New owner hopes to restore dilapidated Bracebridge Pumping Station

Council chiefs say a ‘local business owner’ has bought Bracebridge Pumping Station and plans to ‘sympathetically convert’ the iconic building for new use.

By Ben McVay
Wednesday, 30th September 2020, 4:45 am
Updated Wednesday, 30th September 2020, 1:52 pm

It comes after conservation campaigners The Victorian Society announced today (Wednesday) that the 1880s structure was on its top 10 most-endangered list.

The organisation publishes the list every year - to highlight ‘at-risk heritage all over the country in the hope of finding new solutions’.

They say the condition of the ‘Italian Romanesque-style’ building is ‘rapidly deteriorating and the striking, slender chimney is steadily eroding’.

The Victorian Society has announced that the 1880s structure is on its top 10 most-endangered list

TV star Griff Rhys Jones, Victorian Society president, described the building as ‘perfect for restoration as a dramatic home’ considering how close it is to Worksop town centre.

He said: “Pumping stations are one of the best examples of how today’s approach to architecture tends to differ from the Victorian.

“Our utilitarian buildings rarely have any thought for their aesthetic design.”

However as the news emerged today Bassetlaw District Council said work had already begun to save the building - including securing the site with a new security fence and gates and vegetation clearance, while CCTV was due to be installed shortly.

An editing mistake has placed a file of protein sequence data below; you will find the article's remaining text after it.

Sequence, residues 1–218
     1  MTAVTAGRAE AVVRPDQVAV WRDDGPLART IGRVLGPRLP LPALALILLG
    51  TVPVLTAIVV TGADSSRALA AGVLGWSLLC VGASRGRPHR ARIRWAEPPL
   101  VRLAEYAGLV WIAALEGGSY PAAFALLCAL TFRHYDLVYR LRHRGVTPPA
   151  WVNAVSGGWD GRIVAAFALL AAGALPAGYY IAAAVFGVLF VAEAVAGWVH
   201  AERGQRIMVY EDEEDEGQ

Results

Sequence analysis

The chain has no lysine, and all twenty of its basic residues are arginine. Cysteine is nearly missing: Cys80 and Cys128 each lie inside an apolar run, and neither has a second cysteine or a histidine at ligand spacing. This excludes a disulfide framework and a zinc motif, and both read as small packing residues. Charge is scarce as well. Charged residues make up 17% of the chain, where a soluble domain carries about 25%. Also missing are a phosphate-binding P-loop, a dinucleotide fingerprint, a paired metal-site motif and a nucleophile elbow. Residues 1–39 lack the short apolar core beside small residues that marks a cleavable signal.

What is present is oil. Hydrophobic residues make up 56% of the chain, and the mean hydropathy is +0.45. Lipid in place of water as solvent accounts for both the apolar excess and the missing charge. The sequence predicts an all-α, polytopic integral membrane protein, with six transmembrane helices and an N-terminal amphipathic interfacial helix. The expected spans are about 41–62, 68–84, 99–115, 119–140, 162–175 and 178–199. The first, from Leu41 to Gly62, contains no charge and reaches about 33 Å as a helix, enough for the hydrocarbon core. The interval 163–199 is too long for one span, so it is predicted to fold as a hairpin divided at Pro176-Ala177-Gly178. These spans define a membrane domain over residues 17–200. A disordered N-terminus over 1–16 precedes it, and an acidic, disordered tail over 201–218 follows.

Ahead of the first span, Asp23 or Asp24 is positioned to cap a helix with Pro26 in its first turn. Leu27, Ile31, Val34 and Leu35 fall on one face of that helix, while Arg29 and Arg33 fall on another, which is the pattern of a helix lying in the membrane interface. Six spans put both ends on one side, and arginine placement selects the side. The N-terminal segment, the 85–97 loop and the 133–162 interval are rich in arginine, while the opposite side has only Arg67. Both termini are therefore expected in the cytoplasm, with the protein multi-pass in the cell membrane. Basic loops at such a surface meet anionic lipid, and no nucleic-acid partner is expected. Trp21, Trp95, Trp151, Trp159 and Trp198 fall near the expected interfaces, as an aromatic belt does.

Councillor Jo White said the pumping house had been a ‘victim of its location’

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Bracebridge councillor Jo White, member for regeneration at the council, has responded to the Victorian Society’s assessment of the building, saying ‘I would question the view that it is rapidly deteriorating’.

She added: “It’s a well built, huge and solid building with no major structural defects that has the potential to be brought back to life.

“Bracebridge Pumping Station is one of my favourite buildings - it dominates the landscape in my ward and is a true Worksop landmark.

“That’s why the council’s planning conservation team is working with the new owner to ensure that it has a long term, viable future and that the building is protected for generations to come.”

Councillor White told how, although iconic, the pumping house had been a ‘victim of its location’ - being right next to the River Ryton which has flooded several times.

Flooding issues combined with its proximity to an industrial estate and being overlooked from the front and the rear had ‘put off’ many potential purchasers of the site over the years.

Planning permission for the Grade II Listed building has been granted several times in the past 30 years to convert and extend the main building to form a nursing home and later to form 24 flats - however none have ever come to fruition.

Coun White added: “Thankfully the site was recently purchased by a local business owner who intends to sympathetically convert the building for a new use.

“We will continue to work with the new owner so that this important part of Worksop’s heritage can be conserved in a sympathetic and appropriate manner.”

The building’s architect and engineer - John Allsopp - was responsible for the design of many buildings in the town however and this was his most grand structure.

The coal-powered station was used to pump sewage to a processing facility.

It is unclear as yet exactly what plans the pumping station’s new owner has for the building.

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